At the same time, the Russian posts “focused on the counternarrative and sought to exploit anti-activist sentiment by propagating content supportive of pipeline construction efforts, illustrating once again the Kremlin’s indiscriminate efforts to cause discord and disruption,” the report says.
Russian posts targeted other pipeline projects, including Sabal Trail, Keystone XL, Colonial, Bayou Bridge, and Enbridge Line 5, according to the House committee’s report.
Other posts cited in the report focused on the debate over climate change. Some connected catastrophic weather conditions with climate change, others said Americans were ignoring signs of climate change.
“Russia benefits from stirring up controversy about U.S. energy production,” Smith said, adding:
U.S. energy exports to European countries are increasing, which means they will have less reason to rely upon Russia for their energy needs. This, in turn, will reduce Russia’s influence on Europe to Russia’s detriment and Europe’s benefit.
That’s why Russian agents attempted to manipulate Americans’ opinions about pipelines, fossil fuels, fracking, and climate change. The American people deserve to know if what they see on social media is the creation of a foreign power seeking to undermine our domestic energy policy.
A spokesman for Twitter said the company had “fully cooperated” with Smith’s committee, including by searching for energy-related tweets from accounts that appeared affiliated with Russia’s Internet Research Agency. In an email to The Daily Signal, the spokesman said:
In our report to Chairman Smith we noted that a small subset (413) of these accounts participated in conversations related to energy, that their total volume of tweets was relatively small (5,594 original tweets, 2,223 retweets), and that these tweets represented an extremely small portion of the broader discussion of energy issues on Twitter.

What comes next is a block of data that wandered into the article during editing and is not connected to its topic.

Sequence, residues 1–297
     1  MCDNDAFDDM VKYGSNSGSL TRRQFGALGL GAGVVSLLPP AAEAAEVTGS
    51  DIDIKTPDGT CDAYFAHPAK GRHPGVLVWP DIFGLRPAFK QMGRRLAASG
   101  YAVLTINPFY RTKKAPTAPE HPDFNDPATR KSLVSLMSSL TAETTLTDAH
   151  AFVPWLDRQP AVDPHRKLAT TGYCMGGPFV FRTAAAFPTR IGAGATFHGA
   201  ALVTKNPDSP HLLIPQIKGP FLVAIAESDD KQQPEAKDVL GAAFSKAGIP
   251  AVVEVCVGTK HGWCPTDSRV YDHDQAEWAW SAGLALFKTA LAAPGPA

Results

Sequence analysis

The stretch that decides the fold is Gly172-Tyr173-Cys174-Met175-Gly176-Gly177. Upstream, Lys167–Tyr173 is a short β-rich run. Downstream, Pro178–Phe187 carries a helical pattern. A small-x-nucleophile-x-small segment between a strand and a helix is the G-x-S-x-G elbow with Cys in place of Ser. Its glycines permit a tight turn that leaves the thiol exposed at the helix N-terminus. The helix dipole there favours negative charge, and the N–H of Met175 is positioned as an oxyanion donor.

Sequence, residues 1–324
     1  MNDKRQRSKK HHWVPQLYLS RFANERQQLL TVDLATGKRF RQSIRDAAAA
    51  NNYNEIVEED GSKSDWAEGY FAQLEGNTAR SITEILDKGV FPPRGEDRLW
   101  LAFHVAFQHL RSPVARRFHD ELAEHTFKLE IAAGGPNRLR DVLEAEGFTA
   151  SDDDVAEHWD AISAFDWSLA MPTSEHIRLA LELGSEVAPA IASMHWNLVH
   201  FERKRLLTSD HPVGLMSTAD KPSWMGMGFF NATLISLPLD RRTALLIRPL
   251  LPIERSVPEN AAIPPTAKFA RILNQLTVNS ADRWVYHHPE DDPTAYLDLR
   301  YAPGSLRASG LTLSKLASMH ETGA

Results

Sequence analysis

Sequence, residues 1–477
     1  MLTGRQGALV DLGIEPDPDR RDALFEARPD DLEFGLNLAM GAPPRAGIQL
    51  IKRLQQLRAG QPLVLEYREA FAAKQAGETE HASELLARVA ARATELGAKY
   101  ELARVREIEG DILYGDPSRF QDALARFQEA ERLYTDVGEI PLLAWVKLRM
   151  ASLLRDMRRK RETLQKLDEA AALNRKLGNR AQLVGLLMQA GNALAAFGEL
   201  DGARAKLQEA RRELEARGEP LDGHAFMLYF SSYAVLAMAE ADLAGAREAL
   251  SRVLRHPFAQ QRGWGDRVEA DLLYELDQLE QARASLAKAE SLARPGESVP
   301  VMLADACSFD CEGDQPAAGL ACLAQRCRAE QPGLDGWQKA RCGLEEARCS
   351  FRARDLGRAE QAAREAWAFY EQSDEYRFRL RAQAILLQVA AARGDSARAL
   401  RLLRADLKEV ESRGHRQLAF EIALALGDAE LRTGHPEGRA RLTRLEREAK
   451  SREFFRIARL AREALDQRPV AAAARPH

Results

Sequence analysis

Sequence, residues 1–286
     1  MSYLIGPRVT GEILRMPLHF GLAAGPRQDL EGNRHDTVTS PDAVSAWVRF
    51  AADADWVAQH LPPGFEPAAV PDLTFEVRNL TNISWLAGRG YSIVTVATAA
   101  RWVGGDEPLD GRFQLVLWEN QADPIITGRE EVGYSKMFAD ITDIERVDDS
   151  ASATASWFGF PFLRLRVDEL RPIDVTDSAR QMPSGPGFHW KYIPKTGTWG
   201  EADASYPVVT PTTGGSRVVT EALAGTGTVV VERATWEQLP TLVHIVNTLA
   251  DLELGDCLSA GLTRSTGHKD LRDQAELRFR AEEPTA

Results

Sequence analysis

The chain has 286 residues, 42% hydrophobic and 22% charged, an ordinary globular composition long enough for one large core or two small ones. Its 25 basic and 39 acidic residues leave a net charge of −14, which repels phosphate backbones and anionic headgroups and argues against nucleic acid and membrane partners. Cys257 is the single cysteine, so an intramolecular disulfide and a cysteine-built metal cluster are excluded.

For example, on one of the most active days, the IRA tweeted about energy issues 81 times total, compared to a total volume of 173,349 energy-related tweets and retweets overall on that day, or approximately five one-hundredths of 1 percent (0.046 percent) of the total conversation.
The Daily Signal also sought comment from Facebook and Instagram, but they did not respond by publication deadline.
Bonner Cohen, a senior fellow at the National Center for Public Policy Research, told The Daily Signal in a phone interview that Putin and other Russian leaders see U.S. development of fossil fuels as “a threat” and “is acting accordingly.”
“The committee’s report comes just as it was announced that U.S. oil production has hit an all-time high,” Cohen said. “Note that the Kremlin is targeting American oil and gas production, not wind or solar power, which the Russians correctly see as posing no threat to their geopolitical designs.”
In November, American production reached 10.06 million barrels per day, breaking a 47-year record, Heritage’s Loris noted, adding:
By 2019, we will likely surpass Russia as the world’s largest oil producer. The economic and geopolitical benefits are nothing to scoff at. American households and businesses are benefiting from affordable, reliable power.
We’re using our energy dominance as soft power to reduce the ability for Russia to manipulate energy markets for political gain. A few tweets and some posters aren’t going to stop the energy revolution that’s occurring before us.
This report was updated to include Twitter’s response to a request for comment on the House committee’s report.